What a wingman means to me

  • Published
  • By Linda Ambard
  • Youth Center director
I recently read an article in the Hansconian about being a good wingman. As a civilian employee, I understand the need for a wingman and how to be a good wingman more than most.

My life imploded in a blink of an eye on April 27, 2011, when my husband was killed in Afghanistan. Everything I knew and all the moorings I had for 23 years was instantly gone; my sense of home, sense of belonging and knowing my role--poof.

Some people stepped up and some did not. Many people did not know what to do or what to say, so they did or said nothing. In my most paralyzing pain, I felt the most alone. People, some I had never even met, and none that I had been close to before that day, stepped up and carried me. They did not worry about it being someone else's job. They just were the hands that reached out to a broken girl who did not know what to ask for.

Holidays are often hard for those who are hurting. While people rush past, caught up in the melee of living, aching hearts stand paralyzed with what was lost or with what never was. Never are people more invisible than when a person is caught up in their own happiness, business or their own people. The single moms struggling to provide the basics to her children and deal with the loneliness, the elderly widow lost and adrift after many years of companionship, the hospitalized patients afraid and hurting, the homeless needing and wanting--many are pushed to the side and largely forgotten. It is easy to write a check or send a package, but the gift of time is harder to give. People don't ask for companionship or time, but often those gifts are the most valuable of all.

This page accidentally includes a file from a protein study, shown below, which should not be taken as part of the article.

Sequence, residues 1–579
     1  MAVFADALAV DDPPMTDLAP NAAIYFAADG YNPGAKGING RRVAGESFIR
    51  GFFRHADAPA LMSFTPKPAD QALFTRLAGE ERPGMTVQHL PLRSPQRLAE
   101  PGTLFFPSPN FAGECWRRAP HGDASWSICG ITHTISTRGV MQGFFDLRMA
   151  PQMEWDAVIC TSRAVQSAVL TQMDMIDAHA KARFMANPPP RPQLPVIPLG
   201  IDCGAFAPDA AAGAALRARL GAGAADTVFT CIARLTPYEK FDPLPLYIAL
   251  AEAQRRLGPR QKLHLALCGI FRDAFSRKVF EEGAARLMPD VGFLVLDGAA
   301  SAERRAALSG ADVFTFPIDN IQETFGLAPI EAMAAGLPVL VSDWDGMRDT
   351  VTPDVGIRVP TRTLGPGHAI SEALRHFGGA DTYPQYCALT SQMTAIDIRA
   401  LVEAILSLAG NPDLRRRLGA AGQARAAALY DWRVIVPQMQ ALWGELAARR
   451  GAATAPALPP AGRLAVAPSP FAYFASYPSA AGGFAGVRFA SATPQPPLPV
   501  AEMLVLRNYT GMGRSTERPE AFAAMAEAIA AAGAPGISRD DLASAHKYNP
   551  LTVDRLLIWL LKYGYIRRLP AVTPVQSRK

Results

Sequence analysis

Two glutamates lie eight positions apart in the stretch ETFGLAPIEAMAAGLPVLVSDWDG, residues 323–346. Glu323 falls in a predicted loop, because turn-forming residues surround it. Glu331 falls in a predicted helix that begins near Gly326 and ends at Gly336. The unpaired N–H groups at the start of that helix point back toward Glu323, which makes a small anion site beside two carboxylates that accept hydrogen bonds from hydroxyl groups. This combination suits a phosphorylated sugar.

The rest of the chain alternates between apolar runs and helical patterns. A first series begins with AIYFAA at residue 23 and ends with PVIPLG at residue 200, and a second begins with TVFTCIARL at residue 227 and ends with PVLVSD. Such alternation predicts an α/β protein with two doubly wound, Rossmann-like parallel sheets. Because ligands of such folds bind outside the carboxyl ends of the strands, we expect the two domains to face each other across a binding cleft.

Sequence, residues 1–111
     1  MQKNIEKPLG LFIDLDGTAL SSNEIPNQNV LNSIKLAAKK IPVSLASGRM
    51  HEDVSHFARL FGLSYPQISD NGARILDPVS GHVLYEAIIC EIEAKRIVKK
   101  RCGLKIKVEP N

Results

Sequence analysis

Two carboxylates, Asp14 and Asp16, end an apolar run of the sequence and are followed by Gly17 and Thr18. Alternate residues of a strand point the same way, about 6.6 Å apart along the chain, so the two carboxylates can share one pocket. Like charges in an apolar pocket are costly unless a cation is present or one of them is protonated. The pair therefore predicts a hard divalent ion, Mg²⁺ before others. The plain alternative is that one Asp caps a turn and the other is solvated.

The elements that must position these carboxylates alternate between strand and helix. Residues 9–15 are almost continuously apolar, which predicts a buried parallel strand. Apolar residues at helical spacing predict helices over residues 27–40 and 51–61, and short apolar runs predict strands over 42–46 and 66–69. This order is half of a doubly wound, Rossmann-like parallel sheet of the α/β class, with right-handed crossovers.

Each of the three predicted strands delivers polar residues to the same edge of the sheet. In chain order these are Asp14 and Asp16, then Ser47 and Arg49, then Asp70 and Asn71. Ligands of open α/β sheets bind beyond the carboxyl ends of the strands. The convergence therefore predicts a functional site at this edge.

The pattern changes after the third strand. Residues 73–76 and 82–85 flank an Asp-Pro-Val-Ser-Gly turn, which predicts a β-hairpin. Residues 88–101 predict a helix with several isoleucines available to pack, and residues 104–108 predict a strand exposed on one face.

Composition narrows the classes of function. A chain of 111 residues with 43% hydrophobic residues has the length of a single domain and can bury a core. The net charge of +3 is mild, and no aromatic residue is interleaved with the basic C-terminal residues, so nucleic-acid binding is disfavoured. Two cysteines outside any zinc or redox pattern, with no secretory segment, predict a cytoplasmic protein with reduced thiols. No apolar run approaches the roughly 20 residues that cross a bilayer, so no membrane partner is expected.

The military has a program that encourages civilians and military members to be good "wingmen." The idea is to watch out for our brothers and sisters and to be a good friend. In essence, the idea is to help our friends out so that they are not lost to suicide or risky behaviors. The concept is good, but truly few reach out to others outside of work. People rarely see behind the masks that people wear.

Speaking for myself, I am guilty--guilty of wearing masks and guilty of not seeing or wanting to see behind another's mask. It takes work and time. I often find myself thinking others are closer to that person or that my efforts would be rebuffed. When I had Phil and the kids, I was caught up in my own life. Yes, I get it, but I see a whole new paradigm.

In my want and need, I retreat into a quiet solitude. I am incapable of asking for companionship or seeking it out. I have noticed that many others are the same. We walk about with the painted on smiles that mask the weeping heart and nobody cares to know if the bright red smiles are that of a circus clown.

This week, I spoke with a lady who, after many years of marriage, watched it implode. Her feelings of helplessness, battered self-worth and loneliness mask mine. I also saw it in the young single person living far from home. Yet people assume that all is well and that people are providing what is needed for the aching heart. A good wingman would make sure that a person is with someone else on these days. Holidays hurt.

My local wingman is someone I don't even work with. She is persistent and she is diligent to make sure that I am wrapped in her family. It is not convenient for her. I don't have my car yet and she has three young children, but she gets it. She steps up and she stands with me. Others say that they get it, but when was the last time they made the effort of time?

I write about this because so many people need someone today and during this time. I urge you to invite the often overlooked people to dinner, or take the time to visit with them today. Being a good wingman is about more than words. It is actions that compel us to be the reaching hands and the feet that go.